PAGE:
The aged cheese wedge - June 11, 2006
Picture taken May 21, 2011
The newly restored cheese wedge - May 24, 2011.
Am I disappointed that the original cheese wedge had some settling issues? Of course I am. Do I regret having attempted to build it? Not at all.
It was worth it for the amount of interest it generated and the number of students and visitors who have since marveled at the cheese wedge and been intrigued to learn more about this method of construction.
The restoration was as rewarding as the original build. There have been lots of other pluses along the way too. Having seen that it has lasted as long as it did, we were able to make some important changes based on what we learned and so were able to rebuild it even better. It is gratifying too that not just the same stones but the original concept could be actually reused.
What would we have learned if we never tried to build the cheese wedge? Nothing.
What did we learn by committing our selves to doing it?
- That the project was actually possible and successful on many levels. Rather than discrediting the profession of walling, the structure inspired and in its new state still continues to inspire all who come to see it.
- That it lasted well for 5 years without any maintenance.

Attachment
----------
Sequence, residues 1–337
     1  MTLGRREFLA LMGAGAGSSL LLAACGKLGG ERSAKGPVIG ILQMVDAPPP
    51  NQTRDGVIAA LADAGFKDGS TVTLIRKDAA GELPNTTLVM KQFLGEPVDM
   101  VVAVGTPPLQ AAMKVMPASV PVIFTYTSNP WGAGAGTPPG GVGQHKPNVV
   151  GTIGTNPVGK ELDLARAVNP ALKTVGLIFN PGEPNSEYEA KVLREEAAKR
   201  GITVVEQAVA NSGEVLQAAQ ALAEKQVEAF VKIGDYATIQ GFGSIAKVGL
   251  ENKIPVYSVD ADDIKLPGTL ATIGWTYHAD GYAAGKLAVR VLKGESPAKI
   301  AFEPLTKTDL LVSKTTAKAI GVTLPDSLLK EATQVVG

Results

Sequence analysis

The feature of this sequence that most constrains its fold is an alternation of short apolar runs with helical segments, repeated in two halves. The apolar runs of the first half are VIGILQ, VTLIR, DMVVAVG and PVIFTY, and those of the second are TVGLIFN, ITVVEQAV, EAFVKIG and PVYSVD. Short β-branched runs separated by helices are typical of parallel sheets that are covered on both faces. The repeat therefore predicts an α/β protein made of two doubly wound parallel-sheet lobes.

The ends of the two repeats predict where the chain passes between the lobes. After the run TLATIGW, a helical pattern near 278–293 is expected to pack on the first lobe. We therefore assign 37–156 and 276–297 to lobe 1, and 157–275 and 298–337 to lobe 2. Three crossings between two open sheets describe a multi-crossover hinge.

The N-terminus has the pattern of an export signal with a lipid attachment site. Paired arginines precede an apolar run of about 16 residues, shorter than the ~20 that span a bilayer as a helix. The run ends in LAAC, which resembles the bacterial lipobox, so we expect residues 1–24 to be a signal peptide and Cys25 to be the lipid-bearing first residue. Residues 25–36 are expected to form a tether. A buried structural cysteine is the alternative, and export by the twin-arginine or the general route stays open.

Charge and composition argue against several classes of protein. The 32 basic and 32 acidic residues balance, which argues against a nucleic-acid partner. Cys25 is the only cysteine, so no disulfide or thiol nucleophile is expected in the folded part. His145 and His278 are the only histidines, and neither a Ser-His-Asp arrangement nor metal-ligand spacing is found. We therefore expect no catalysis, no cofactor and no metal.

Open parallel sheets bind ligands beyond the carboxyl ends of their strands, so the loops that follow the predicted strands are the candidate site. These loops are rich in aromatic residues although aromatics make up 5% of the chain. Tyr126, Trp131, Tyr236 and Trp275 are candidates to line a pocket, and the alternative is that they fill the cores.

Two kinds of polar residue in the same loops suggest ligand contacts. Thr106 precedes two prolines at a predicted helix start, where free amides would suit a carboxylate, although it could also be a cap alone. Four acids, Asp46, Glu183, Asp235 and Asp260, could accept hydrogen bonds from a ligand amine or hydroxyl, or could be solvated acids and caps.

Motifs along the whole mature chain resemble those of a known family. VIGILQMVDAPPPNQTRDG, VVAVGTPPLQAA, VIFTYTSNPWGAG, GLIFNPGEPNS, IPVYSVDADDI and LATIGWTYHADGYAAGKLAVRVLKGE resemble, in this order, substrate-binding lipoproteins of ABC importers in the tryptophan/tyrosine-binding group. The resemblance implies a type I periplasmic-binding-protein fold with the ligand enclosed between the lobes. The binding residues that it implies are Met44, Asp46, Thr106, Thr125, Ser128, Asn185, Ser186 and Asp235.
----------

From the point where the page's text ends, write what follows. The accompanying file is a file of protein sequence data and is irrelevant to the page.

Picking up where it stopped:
- That when we rebuilt it, we will were able to make something that will presumably last even longer.
- That the design worked. Though it looked like a challenging design and though it had never been done before we had every confidence it was something that was worth trying.
- That beauty, even though it sometimes ends up being a bit more transitory is still worth striving for because of its power to lift the soul
- That good can come from having attempted something as unusual as this dry stone structure, even though along the way it may require some maintenance.
- That unplanned rearrangements of stones sometimes happen to give opportunities for people to work together again (rather than just criticize each other) and share new insights, and further encourage each other's creative skills and so experientially come to grips with structural constraints that we could only try to imagine before.